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I need assistance with a code, the final answer needs to be 6 characters, I am asking the person for a number, they can enter the following:

 1, 10, 100, 1000, 10000

What I need is the final number to be 6 characters long so this is the answers for each of the numbers

1     => 000001
10    => 000010
100   => 000100
1000  => 001000
10000 => 010000

So I need to set the length at 6 digits, enter the number and add "0" to the front until it is 6 digits.

How can I do that?

Additional to this if someone enters 200 I need it to round down to 100 and if they enter 501 it rounds up to 1000; can this also be done?

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What have you tried? - A simple google search gives a likely answer to part 2. –  Lattyware May 10 '12 at 12:01
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4 Answers 4

Okay, two parts:

first, to format a number:


will give you '000100'. But before that, we have to round.

EDIT: This solution is much more elegant:

import math
def rep(number):
    rounded = 10**(math.floor(math.log(number,10)-math.log(0.5,10)))
    return "{number:06}".format(number=int(rounded))

Let's see:

>>> print rep(100)
>>> print rep(1000)
>>> print rep(501)
>>> print rep(499)
>>> print rep(500)

OLD Version for future reference end educational delight:

(It's still faster as it doesn't involve any log operations)

Here's a neat little trick: round(501) will round to the first decimal digit, but round(501, -1) will round to the 10^1 digit (so the result is 500.0), round(501, -2) to the 10^2 (the result still being 500.0), and round(501, -3) will round up to 1000.

So we want 500 to be rounded up to 1000, but 53 to be rounded up to 100. Well, here's how we do it:

number = 521
rounded = round(number, -len(str(number)))

So, since the string describing number is three characters long, we round to -3.

However, this rounds up perfectly, but if we're rounding down, it always rounds down to 0. Let's just catch this case:

def rep(number):
    rounded = round(number, -len(str(number)))
    if not rounded: # 0 evaluates to False
        rounded = 10**(len(str(number))-1)
    return "{number:06}".format(number=int(rounded))
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Everything below Edit refers to the second part of the question that got deleted by @Tim (Task: 200 -> 000100, 501 -> 001000) –  Manuel May 10 '12 at 12:23
I have reverted that part of the question. –  Tim Pietzcker May 10 '12 at 15:50
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zfill also can help you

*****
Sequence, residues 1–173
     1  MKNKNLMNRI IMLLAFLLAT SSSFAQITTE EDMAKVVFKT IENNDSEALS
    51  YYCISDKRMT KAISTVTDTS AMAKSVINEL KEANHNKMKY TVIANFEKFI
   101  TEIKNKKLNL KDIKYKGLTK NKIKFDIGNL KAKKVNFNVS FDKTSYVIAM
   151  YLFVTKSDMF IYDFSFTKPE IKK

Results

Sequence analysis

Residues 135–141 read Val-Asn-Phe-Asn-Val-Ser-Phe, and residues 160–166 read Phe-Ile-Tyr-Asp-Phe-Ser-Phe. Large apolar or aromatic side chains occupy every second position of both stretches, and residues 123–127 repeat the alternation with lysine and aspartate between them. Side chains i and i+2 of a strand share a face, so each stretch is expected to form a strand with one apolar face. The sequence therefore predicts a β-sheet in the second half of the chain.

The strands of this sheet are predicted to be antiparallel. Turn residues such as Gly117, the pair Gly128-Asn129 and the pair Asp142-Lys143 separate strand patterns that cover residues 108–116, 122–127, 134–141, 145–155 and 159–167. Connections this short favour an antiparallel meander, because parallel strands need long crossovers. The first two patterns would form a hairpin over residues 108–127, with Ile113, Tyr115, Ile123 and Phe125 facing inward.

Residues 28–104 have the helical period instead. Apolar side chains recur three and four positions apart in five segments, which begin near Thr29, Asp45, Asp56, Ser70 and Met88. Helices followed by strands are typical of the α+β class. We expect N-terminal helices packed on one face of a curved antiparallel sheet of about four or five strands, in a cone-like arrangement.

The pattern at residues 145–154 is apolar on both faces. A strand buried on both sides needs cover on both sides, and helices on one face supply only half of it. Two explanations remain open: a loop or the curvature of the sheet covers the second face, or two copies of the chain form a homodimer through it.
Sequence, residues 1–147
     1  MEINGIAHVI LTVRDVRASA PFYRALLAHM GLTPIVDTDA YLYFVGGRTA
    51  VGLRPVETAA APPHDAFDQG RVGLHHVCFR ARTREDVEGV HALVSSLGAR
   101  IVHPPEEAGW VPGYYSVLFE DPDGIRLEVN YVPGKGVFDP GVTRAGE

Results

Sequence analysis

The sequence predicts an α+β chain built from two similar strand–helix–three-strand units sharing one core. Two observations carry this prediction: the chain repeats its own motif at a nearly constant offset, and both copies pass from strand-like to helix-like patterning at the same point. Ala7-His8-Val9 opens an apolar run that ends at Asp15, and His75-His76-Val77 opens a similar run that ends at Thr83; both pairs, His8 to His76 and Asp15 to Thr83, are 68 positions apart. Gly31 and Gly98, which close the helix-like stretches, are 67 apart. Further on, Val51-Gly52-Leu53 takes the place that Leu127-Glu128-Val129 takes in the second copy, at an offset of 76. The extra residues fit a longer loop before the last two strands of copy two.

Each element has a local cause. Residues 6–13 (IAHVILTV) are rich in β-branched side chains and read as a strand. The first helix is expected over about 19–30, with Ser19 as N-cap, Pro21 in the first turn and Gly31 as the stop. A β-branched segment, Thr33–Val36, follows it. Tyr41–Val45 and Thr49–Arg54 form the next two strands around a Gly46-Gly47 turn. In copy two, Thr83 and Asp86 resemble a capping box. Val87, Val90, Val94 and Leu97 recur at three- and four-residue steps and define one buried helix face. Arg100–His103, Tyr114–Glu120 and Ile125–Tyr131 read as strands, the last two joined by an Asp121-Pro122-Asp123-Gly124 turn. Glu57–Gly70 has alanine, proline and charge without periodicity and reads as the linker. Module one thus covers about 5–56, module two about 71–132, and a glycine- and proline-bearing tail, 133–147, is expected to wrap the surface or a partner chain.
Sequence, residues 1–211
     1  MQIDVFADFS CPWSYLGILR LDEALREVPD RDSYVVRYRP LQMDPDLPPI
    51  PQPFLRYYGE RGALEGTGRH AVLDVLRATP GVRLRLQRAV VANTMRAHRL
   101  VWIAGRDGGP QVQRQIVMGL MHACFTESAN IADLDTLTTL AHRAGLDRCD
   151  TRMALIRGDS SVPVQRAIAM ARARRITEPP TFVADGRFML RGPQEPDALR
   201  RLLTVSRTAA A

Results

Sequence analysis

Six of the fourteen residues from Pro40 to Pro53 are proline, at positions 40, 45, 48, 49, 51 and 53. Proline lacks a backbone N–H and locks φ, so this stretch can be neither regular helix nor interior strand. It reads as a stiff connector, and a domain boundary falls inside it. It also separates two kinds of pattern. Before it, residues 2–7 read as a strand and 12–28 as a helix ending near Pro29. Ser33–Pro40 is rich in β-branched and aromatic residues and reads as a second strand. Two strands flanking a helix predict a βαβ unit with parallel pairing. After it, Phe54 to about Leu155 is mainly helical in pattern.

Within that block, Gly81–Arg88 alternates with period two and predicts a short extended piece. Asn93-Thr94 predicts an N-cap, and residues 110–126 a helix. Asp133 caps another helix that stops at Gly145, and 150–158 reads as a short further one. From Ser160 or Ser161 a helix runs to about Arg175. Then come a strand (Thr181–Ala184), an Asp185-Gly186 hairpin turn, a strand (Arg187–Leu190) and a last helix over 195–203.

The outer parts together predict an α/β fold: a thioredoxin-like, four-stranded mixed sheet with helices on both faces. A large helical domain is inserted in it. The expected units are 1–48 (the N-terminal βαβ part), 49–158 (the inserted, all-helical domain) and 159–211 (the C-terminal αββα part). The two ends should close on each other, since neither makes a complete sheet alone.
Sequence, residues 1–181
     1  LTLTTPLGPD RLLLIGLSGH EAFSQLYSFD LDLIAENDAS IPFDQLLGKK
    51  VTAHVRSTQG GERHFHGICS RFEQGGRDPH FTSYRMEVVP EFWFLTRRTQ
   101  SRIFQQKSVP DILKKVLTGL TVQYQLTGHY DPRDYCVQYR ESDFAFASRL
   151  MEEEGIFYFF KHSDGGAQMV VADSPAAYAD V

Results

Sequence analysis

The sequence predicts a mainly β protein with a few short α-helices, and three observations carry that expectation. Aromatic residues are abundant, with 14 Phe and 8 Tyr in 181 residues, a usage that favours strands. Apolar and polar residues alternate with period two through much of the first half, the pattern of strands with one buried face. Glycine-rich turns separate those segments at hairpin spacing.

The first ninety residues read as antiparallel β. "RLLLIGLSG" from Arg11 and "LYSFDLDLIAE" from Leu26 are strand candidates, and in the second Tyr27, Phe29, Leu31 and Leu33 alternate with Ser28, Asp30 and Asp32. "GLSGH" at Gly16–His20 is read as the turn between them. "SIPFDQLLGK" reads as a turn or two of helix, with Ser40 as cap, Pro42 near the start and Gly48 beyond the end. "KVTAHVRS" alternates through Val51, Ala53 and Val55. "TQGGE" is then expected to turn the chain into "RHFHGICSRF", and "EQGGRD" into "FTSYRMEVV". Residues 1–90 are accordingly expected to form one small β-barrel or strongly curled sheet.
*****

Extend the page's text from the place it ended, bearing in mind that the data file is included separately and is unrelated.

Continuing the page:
>>> str(10).zfill(6)
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Thanks, great to see so many responses –  Greggy D May 10 '12 at 12:21
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For completeness's sake:

>>> for i in range(6):
...   "%06d" % 10**i

will print

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As stated for other answers, the str.format() method is highly recommended over the modulo operator for string formatting in new code. This answer should also really just be an edit to another answer. –  Lattyware May 10 '12 at 12:17
The other way round. My reply is from 12:06, the other answers with the modulo operator are from 12:07. I got there first. :-) –  user1129682 May 14 '12 at 5:19
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>>> print "%06d" % 1
>>> print "%06d" % 10
>>> print "%06d" % 100
>>> print "%06d" % 1000
>>> print "%06d" % 10000
>>> print "%06d" % 100000

5.6.2. String Formatting Operations

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These are the old string formatting operators. In new code, it is advised to use the new .format() method. –  Tim Pietzcker May 10 '12 at 12:10
Could you please explain what are the benefits of using the new .format() method over using the old string formatting operators in this exact case? Thanks in advance. –  zrxq May 10 '12 at 15:22
The Python 2.7 docs say: "This method of string formatting is the new standard in Python 3, and should be preferred to the % formatting [...] in new code." - the new options are more powerful, more versatile, easier to read and just plain cooler than the old ones. I don't think your answer deserves a downvote, though. So +1 from me to balance that out :) –  Tim Pietzcker May 10 '12 at 15:53
Well, and old ones are more compact and familiar to virtually anyone (less head-scratches for the people who will read or maintain your code). I'm not saying one should not use the new options. It's just really good to know the exact reason why you choose one over another in your code. "Documentation says so" is a good reason, but not good enough in many cases. Thanks for the balancing upvote! –  zrxq May 10 '12 at 20:43
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